Whenever you mention the word ‘budget’, most people get a feeling of dread. Similar to the word ‘diet’, budget conjures up images of deprivation, scarcity and discipline. As a result, many business owners and managers try to postpone putting their budget together and, when they do, tend to put it away and forget about it. However, it’s important to consider your budget as a living breathing tool to help guide your business and keep it on track to achieving your goals.
How do you put together a budget?
Your budget is essentially your business plan for the next 12 months. It usually consists of an estimate of future sales and cash flow, an estimate of future expenses, and estimates of capital expenditure (capex) and financing arrangements. These estimates are used to produce a profit and loss, balance sheet and cash flow statement, known as a 3-way forecast.
What are the benefits of having a budget?
Your budget is an important tool for managing your business and shouldn’t be just filed away somewhere, never to be seen again. Instead you should be referring to it on a regular basis, at least once a month, to make sure you’re on track to achieve your goals.
So what are the benefits?
- It enables you to clearly quantify what is and isn’t working so you can take appropriate action.
- It can help align staff and management to overall organisational goals.
- It will assist in understand business drivers ensuring decision making is based on data rather than instinct.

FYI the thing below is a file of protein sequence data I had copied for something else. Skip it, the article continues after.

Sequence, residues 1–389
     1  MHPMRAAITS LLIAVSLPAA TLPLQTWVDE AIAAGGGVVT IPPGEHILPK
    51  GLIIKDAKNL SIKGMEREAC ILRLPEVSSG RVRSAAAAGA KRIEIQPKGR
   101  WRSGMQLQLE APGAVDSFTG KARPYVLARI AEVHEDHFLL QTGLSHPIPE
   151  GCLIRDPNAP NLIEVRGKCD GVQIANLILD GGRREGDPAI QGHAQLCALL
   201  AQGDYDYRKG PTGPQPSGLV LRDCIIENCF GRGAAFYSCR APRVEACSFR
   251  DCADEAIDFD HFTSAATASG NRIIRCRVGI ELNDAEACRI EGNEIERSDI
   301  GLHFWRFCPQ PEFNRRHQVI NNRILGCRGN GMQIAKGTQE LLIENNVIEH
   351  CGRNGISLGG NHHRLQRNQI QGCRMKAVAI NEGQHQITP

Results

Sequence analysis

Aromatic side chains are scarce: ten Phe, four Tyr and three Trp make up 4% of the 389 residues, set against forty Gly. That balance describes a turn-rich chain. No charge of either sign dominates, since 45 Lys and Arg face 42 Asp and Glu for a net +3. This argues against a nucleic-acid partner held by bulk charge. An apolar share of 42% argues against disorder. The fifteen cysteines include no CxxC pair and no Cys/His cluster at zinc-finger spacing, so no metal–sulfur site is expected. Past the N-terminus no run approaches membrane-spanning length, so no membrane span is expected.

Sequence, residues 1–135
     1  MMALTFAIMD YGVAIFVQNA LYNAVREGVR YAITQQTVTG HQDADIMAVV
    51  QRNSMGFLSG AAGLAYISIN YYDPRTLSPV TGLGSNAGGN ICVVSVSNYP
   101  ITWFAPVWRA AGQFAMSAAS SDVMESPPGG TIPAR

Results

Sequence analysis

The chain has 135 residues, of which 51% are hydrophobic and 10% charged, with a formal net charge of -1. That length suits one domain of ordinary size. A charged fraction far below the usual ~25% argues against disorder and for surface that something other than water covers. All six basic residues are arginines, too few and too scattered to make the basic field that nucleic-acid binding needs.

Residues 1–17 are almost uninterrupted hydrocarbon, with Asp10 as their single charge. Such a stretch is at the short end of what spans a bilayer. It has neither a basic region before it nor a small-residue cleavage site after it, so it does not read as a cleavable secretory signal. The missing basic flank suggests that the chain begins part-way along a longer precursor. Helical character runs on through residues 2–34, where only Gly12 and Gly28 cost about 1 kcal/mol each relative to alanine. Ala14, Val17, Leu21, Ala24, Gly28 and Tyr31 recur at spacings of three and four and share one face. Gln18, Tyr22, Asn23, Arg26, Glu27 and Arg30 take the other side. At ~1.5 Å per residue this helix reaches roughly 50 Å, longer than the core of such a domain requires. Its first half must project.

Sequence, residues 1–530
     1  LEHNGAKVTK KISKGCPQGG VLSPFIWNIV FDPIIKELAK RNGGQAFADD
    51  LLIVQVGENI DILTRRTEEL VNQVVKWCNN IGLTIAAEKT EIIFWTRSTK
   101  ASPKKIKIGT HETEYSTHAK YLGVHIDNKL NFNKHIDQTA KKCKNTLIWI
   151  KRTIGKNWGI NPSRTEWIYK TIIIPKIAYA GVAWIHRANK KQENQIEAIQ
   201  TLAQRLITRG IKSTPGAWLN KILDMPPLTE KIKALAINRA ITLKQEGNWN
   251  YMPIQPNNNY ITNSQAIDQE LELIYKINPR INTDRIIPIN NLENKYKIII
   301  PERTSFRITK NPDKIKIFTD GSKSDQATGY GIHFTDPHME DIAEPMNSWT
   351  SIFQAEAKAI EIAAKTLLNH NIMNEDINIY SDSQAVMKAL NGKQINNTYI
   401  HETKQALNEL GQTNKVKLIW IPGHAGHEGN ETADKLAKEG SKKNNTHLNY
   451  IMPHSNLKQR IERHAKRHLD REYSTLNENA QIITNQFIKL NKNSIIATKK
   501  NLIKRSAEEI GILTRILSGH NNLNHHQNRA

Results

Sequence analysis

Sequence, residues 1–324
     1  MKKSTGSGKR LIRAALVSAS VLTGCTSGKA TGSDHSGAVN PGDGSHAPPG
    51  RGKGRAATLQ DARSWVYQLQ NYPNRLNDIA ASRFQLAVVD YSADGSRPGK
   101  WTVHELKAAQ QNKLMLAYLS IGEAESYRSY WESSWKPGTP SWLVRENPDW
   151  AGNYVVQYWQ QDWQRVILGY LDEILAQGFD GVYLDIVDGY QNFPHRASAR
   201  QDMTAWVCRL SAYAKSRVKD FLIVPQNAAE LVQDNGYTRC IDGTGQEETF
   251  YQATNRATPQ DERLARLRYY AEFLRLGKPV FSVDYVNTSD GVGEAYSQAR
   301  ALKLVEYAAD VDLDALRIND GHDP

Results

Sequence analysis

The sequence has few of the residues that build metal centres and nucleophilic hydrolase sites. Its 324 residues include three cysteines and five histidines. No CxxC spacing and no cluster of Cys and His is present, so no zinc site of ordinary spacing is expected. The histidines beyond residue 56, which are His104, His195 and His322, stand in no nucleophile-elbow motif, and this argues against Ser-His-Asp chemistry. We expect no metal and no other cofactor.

- It will help you predict your business’ future financial performance.
What goes wrong?
There are a number of things that can happen to derail the budget. First of all, when the budget is developed, quite often only senior management is involved resulting in a disconnect between the aspirational goals of the budget and what is realistically achievable. By getting the rest of the team involved from the outset, you are not only more likely to set a more realistic budget but you will also get buy-in from your staff.
Budgets, like diets, can be difficult to stick to, resulting in a tendency to try to implement short-term ‘hacks’ to get back on track. This might include ‘fire sales’ to shift more stock, ‘creative accounting’ to make the figures look better or any one of a number of other quick fixes to ensure you achieve your budget. If you have your accountant or business adviser involved in the process, you have an external party who can help keep you accountable.
Rather than thinking that producing a budget is something to dread, see it as a tool to help keep you focussed on the bigger picture. Ask us how our 3 way forecasts can help you grow your business and achieve your strategic goals.